TALK AFRICA: Fighting Africa’s famine



The UN renewed its call to donors for more funds saying it has only received 21 per cent of the USD4.4 billion needed to avert the risk of a repeat of the 2011 famine that led to mass starvation of close to 260,000 people in the Horn of Africa. Already, an estimated 20 million people across the continent are living in areas where rains have failed. Drought and on-going conflict have plunged parts of Africa into the worst food security crisis in 20 years with more than 6 million Somalis, over 1 million South Sudanese and some 7 million people in the Chad basin facing starvation. Children stand an even higher risk with 363,000 suffering from malnutrition in Somalia. The famine has led to massive loss of livestock and forced people from their homes. And, to discuss what factors have led to this dire situation and the possible interventions, Talk Africa engaged Abdi Ahmed Mohamed of Somalia’s National Drought Response Committee, and Al Haji Jallow, Uganda’s representative to Food and Agricultural Organisation (FAO) of the UN. Al Haji singles out climate change and the La Nina and El Niño effects for the on-going famine.

And, responding to Kenya’s President Uhuru Kenyatta’s appeal to its development partners for assistance in combating starvation, the Chinese embassy and Chinese firms in Kenya donated food worth USD160,000. This follows an announcement of USD2.2 billion and a 21-million metric tonnes of relief food to Kenya by the Chinese government. Abdi blames the situation on weak regurgitating institutions, political events that have diverted the attention of the administration in Somalia and ill-preparedness by both the national government and the international community. The response by Somalis in the diaspora, he says, has helped compliment efforts by donors. Al Haji calls for more exchange of information between governments saying this will help in drought preparedness.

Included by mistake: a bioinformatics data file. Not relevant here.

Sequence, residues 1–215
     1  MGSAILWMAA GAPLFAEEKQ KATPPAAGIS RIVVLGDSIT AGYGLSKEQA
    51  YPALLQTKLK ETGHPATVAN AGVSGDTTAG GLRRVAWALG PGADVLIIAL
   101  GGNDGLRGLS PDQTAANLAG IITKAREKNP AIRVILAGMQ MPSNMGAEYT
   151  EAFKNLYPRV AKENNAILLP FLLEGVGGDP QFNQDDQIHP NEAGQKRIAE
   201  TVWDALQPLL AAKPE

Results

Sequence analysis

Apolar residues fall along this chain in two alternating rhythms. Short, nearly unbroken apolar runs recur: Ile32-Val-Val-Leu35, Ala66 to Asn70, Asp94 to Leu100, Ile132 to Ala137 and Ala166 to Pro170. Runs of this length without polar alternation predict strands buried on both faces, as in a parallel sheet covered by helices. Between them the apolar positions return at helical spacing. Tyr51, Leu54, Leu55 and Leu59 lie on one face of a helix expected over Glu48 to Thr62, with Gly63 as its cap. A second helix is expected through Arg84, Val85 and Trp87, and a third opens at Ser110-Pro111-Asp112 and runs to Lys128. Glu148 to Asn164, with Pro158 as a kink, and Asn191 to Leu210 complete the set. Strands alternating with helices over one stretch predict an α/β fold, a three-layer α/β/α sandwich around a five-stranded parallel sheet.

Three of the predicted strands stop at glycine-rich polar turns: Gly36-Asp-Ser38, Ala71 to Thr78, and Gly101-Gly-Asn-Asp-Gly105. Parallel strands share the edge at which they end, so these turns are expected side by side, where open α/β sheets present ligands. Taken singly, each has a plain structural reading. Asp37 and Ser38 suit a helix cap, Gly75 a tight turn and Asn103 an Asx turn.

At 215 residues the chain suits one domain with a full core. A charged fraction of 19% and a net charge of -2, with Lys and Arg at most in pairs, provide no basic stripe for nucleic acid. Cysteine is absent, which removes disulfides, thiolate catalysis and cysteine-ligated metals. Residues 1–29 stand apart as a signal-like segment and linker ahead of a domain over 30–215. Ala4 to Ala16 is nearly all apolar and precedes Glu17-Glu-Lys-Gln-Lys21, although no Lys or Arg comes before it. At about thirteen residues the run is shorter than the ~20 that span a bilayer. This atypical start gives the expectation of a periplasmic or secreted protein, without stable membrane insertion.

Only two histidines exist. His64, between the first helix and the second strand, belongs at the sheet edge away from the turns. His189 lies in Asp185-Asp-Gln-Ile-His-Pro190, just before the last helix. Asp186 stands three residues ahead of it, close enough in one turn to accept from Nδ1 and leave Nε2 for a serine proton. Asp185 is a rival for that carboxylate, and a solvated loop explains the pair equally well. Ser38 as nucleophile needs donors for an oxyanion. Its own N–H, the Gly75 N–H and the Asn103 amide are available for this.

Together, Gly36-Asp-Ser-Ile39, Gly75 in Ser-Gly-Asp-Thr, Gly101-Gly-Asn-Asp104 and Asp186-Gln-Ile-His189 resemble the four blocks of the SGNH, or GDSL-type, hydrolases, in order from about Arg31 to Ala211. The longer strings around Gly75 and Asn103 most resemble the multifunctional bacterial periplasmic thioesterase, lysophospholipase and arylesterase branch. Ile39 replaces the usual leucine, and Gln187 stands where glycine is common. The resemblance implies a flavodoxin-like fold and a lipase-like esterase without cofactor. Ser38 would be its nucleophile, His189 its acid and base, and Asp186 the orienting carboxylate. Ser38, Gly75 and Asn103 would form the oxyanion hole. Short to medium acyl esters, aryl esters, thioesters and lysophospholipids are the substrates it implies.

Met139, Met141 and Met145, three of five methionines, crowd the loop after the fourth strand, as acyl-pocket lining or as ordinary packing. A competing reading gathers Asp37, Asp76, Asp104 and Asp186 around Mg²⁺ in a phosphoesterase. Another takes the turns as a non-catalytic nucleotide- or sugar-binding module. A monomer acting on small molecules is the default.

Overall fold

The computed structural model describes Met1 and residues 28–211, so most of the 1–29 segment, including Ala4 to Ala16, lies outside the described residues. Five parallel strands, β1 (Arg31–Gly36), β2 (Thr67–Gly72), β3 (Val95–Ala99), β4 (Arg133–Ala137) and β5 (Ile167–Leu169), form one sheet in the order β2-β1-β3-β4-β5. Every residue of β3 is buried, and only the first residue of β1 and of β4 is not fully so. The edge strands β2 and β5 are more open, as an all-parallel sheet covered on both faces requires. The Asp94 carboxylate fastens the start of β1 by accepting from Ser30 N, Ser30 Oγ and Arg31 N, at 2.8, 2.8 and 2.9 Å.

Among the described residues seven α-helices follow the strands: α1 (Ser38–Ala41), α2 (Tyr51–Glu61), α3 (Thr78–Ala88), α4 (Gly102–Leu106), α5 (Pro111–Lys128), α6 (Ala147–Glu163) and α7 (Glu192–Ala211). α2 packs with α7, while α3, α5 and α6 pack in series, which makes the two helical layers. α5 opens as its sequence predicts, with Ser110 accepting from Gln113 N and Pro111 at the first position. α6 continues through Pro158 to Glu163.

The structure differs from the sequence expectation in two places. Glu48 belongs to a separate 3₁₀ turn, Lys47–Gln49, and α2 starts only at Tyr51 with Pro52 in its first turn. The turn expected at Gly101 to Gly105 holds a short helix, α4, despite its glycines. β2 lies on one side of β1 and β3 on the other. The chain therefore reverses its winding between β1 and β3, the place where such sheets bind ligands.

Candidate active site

Dominik Stillhart, the ICRC’s director of worldwide operations echoed the UN’s call for more funds saying the need for adequate and quicker response cannot be overemphasised.  Stillhart says lessons have to be learnt from the 2011famine, where response was slow leading to the death, from starvation, of close to 250,000 people. Conflict, he notes, is a primary contributor to the current food crisis in South Sudan where more than 1.5 million people have fled the civil war and many continue to pour into northern Uganda.  Estimates put the number of refugees there at more than 5000 people, crowded together in unsanitary conditions. Many at the camp lack food and access to medical treatment.  Abdi says foresight and preparedness are key in the fight against drought. Al Haji believes the affected countries are handling the situation better but believes there is room for improvement, when it comes to sharing of information between countries.

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